All monies raised from this concert will be used to help refugees in South Africa through respected charities such as Gift of the Givers, Three to Six schools, and various other programs at the Turquoise Harmony Institute.


Mzansi National Philharmonic Orchestra (Mzansi NPO) is a not-for-profit, public benefit company that is led by a board of directors consisting of highly respected South Africans who are renowned in their respective fields. This Orchestra has a mandate to broaden the orchestral experience of the country, and support regional and youth orchestras and other music initiatives and music institutions of learning in South Africa.

An important mission of Mzansi NPO is to utilise music to bring South Africans together and to brand South Africa positively on the international stage.

The vision of Mzansi NPO is to be an inclusive national asset and orchestra, which promotes nation building and is internationally recognised for its artistic excellence, innovation, education initiatives and community engagement programmes.

The Mzansi NPO is committed to contributing meaningfully to the improvement of the quality of life of the diverse communities in South Africa. This will be achieved through the creation of world-class orchestral music experiences and touring events, nationally and internationally, and the implementation of the national cadetship programme in partnership with regional orchestras and institutions of learning, in order to promote transformation of this sector.  

The Orchestra will create a positive impact through the use of music as a facilitator for building inclusivity, social cohesion, and social dialogue – and this will be achieved by, among others, finding, mentoring, training, and supporting young and talented musicians and promoting the teaching, knowledge and appreciation of diverse genres of music.

Mzansi NPO musicians consist of the cream of South African musicians who are based in South Africa and abroad, who will perform together from time to time.

Mzansi NPO sees musicians who hail from seven provinces/cities of South Africa: Johannesburg, Pretoria, Durban, Cape Town, Gqeberha, Kimberly and Bloemfontein.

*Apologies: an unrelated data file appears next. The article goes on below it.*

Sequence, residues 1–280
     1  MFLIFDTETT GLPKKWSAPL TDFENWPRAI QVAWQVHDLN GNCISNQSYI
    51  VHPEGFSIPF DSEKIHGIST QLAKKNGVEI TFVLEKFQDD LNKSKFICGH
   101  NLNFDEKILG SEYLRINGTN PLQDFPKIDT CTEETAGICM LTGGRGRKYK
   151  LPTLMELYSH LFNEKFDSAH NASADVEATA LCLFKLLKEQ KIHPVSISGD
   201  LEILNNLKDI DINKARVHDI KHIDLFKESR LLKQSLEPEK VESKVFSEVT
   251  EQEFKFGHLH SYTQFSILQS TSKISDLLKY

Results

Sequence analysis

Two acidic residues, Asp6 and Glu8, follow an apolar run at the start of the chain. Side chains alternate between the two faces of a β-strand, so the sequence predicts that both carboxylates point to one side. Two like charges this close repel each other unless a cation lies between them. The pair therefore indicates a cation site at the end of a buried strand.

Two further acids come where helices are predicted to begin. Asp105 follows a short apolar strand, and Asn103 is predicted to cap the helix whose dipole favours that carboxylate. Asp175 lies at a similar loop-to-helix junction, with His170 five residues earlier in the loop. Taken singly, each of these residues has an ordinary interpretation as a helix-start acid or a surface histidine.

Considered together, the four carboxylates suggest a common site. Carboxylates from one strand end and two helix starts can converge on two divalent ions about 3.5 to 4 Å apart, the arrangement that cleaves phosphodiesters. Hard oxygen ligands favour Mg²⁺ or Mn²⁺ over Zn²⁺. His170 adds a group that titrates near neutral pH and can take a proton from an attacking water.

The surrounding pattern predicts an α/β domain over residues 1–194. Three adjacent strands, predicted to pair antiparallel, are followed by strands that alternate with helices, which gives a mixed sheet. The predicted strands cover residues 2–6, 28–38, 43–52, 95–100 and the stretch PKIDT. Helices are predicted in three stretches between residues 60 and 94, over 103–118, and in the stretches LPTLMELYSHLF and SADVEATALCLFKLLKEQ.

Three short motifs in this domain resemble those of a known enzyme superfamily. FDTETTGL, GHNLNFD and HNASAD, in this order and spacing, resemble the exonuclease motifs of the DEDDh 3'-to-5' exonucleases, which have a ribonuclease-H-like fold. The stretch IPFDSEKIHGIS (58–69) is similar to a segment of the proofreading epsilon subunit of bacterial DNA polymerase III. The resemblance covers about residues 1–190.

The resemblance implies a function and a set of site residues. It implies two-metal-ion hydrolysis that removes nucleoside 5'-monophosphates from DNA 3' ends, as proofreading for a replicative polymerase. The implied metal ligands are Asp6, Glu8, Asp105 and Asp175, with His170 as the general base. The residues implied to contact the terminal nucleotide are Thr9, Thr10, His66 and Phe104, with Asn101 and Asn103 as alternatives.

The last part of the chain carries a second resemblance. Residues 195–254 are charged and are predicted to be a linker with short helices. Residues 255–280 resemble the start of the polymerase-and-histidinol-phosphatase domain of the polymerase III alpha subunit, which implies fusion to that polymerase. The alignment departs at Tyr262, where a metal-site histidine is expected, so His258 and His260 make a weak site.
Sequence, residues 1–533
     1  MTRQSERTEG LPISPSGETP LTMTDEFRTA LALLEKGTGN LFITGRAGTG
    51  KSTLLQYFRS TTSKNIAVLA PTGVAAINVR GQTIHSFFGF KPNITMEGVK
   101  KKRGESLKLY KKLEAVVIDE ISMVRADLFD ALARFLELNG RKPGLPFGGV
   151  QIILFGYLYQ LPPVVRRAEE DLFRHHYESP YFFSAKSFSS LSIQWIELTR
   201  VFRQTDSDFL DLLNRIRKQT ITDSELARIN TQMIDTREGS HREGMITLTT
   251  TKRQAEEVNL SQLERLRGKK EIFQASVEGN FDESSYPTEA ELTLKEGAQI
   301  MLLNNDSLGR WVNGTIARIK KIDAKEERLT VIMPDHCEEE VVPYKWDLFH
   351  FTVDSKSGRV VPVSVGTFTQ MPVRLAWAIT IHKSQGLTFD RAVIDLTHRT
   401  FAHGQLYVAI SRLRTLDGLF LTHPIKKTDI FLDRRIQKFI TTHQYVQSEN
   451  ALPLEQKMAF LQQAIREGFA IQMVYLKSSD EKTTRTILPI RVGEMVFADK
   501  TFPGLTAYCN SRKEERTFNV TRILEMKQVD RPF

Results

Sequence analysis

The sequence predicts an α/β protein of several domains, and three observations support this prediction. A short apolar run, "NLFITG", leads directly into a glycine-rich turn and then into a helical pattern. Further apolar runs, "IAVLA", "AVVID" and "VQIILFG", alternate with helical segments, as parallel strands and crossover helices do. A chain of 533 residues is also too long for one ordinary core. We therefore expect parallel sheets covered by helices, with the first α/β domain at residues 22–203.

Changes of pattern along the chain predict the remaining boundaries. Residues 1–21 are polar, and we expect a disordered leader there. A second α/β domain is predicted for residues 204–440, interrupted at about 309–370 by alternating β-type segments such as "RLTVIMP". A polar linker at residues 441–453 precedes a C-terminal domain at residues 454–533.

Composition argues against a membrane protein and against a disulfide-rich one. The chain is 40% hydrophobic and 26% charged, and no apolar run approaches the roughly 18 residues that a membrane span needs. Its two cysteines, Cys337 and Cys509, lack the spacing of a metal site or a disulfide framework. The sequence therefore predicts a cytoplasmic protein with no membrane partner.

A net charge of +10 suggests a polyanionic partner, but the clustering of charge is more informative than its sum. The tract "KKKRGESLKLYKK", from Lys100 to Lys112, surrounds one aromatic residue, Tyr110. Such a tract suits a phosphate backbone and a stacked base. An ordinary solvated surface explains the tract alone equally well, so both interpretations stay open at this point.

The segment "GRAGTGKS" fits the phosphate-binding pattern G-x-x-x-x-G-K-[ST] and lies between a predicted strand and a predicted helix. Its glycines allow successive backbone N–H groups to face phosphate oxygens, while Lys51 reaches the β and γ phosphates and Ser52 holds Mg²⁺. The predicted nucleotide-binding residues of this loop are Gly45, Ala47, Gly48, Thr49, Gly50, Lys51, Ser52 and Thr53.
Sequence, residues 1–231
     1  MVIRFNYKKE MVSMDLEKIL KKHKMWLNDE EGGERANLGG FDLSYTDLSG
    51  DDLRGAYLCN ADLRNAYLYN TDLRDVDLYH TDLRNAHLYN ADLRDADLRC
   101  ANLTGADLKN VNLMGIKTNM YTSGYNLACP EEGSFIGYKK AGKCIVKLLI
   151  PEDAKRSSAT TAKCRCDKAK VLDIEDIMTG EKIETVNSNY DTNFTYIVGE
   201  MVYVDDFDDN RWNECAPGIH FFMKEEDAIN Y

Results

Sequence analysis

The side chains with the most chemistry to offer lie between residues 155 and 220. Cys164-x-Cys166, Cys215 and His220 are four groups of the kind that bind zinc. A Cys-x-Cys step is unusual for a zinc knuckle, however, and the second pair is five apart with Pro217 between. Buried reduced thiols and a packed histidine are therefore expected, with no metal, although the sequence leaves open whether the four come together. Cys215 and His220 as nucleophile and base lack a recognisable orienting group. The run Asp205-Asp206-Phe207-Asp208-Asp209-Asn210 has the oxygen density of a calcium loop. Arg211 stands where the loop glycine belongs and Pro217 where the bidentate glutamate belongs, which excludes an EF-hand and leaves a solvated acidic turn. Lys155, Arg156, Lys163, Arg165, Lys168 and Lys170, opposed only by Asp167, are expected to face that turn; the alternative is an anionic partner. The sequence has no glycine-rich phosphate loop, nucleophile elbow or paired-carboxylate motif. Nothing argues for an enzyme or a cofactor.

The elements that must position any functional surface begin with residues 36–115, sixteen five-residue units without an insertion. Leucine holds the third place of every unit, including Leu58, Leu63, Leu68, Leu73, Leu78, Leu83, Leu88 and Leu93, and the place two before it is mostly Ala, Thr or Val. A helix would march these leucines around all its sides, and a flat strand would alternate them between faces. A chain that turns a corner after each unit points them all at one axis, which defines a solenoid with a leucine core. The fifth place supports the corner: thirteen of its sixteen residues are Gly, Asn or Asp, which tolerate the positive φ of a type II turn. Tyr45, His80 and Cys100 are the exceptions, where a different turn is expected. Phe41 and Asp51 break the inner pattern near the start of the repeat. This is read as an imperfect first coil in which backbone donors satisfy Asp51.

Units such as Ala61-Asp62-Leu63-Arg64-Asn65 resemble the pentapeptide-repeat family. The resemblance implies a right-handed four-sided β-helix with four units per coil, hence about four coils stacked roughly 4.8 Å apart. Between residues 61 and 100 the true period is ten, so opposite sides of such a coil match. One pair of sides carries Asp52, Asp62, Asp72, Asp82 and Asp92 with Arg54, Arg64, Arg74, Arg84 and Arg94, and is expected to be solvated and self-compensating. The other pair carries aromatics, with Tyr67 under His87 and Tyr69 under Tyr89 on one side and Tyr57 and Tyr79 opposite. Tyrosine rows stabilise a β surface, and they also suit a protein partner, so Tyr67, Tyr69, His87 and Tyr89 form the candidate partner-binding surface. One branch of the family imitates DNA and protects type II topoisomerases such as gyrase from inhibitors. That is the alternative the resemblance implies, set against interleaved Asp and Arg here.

75% of the projected budget is earmarked for artistic skills development programmes for young musicians of all races, touring, concerts, and community engagement programmes. Crucially, a substantial part of the budget includes grants to regional and youth orchestras, composers, and other related institutions of learning throughout South Africa.


The Department of Sport, Arts and Culture (DSAC) championed the establishment of the South African National Philharmonic Orchestra, as an element of a dynamic, vibrant and transformed South African arts, culture and heritage sector that will contribute towards nation building, social cohesion, and socio-economic inclusion.

This is part of advancing the view contained in the revised White Paper on Arts, Culture and Heritage that the Cabinet approved in August 2018 and that was endorsed by Parliament in February 2020, that national companies must be developed so that their artistic reputations for excellence contribute to the advancement of cultural tourism, and that these national companies must be subsidised to embark on a touring circuit.

The policy of establishing national arts companies was given additional impetus since support was announced in parliament in the Budget Speech of February 2019 by the Minister of Finance. In the speech, the Minister of Finance stated that “the global renown of South Africa’s art and culture is an expression of our soft power and our rich heritage, and that our public finance choices should reflect an intention to preserve and add to this cultural canon”.